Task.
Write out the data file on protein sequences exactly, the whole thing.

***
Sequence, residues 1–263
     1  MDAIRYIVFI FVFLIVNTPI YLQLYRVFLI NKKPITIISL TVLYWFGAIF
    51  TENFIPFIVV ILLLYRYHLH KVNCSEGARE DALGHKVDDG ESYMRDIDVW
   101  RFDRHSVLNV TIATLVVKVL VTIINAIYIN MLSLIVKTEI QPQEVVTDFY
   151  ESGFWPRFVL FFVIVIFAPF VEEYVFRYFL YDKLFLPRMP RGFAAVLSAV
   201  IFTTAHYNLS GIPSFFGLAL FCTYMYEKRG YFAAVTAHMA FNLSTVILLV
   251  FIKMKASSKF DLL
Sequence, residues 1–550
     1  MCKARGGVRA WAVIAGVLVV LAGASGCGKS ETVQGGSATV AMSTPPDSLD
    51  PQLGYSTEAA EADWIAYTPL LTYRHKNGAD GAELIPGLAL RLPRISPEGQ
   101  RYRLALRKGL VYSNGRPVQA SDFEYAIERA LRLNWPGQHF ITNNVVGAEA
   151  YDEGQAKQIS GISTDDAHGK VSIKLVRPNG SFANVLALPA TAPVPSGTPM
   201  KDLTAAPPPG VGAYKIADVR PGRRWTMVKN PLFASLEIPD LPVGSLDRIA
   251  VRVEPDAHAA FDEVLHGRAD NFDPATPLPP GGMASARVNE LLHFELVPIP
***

Sequence, residues 1–263
     1  MDAIRYIVFI FVFLIVNTPI YLQLYRVFLI NKKPITIISL TVLYWFGAIF
    51  TENFIPFIVV ILLLYRYHLH KVNCSEGARE DALGHKVDDG ESYMRDIDVW
   101  RFDRHSVLNV TIATLVVKVL VTIINAIYIN MLSLIVKTEI QPQEVVTDFY
   151  ESGFWPRFVL FFVIVIFAPF VEEYVFRYFL YDKLFLPRMP RGFAAVLSAV
   201  IFTTAHYNLS GIPSFFGLAL FCTYMYEKRG YFAAVTAHMA FNLSTVILLV
   251  FIKMKASSKF DLL
Sequence, residues 1–550
     1  MCKARGGVRA WAVIAGVLVV LAGASGCGKS ETVQGGSATV AMSTPPDSLD
    51  PQLGYSTEAA EADWIAYTPL LTYRHKNGAD GAELIPGLAL RLPRISPEGQ
   101  RYRLALRKGL VYSNGRPVQA SDFEYAIERA LRLNWPGQHF ITNNVVGAEA
   151  YDEGQAKQIS GISTDDAHGK VSIKLVRPNG SFANVLALPA TAPVPSGTPM
   201  KDLTAAPPPG VGAYKIADVR PGRRWTMVKN PLFASLEIPD LPVGSLDRIA
   251  VRVEPDAHAA FDEVLHGRAD NFDPATPLPP GGMASARVNE LLHFELVPIP